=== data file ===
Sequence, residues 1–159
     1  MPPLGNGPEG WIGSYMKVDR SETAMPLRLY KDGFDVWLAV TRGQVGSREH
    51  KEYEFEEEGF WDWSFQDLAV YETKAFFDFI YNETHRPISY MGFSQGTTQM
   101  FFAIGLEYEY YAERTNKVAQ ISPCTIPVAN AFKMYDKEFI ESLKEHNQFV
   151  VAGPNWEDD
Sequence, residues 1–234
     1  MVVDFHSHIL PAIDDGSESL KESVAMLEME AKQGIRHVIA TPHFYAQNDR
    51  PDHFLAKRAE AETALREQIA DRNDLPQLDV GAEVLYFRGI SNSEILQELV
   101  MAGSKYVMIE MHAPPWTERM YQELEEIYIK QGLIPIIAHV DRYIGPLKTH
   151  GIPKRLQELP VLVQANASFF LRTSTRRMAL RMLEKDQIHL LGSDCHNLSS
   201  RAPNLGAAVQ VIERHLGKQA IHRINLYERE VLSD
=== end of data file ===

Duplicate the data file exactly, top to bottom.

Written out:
Sequence, residues 1–159
     1  MPPLGNGPEG WIGSYMKVDR SETAMPLRLY KDGFDVWLAV TRGQVGSREH
    51  KEYEFEEEGF WDWSFQDLAV YETKAFFDFI YNETHRPISY MGFSQGTTQM
   101  FFAIGLEYEY YAERTNKVAQ ISPCTIPVAN AFKMYDKEFI ESLKEHNQFV
   151  VAGPNWEDD
Sequence, residues 1–234
     1  MVVDFHSHIL PAIDDGSESL KESVAMLEME AKQGIRHVIA TPHFYAQNDR
    51  PDHFLAKRAE AETALREQIA DRNDLPQLDV GAEVLYFRGI SNSEILQELV
   101  MAGSKYVMIE MHAPPWTERM YQELEEIYIK QGLIPIIAHV DRYIGPLKTH
   151  GIPKRLQELP VLVQANASFF LRTSTRRMAL RMLEKDQIHL LGSDCHNLSS
   201  RAPNLGAAVQ VIERHLGKQA IHRINLYERE VLSD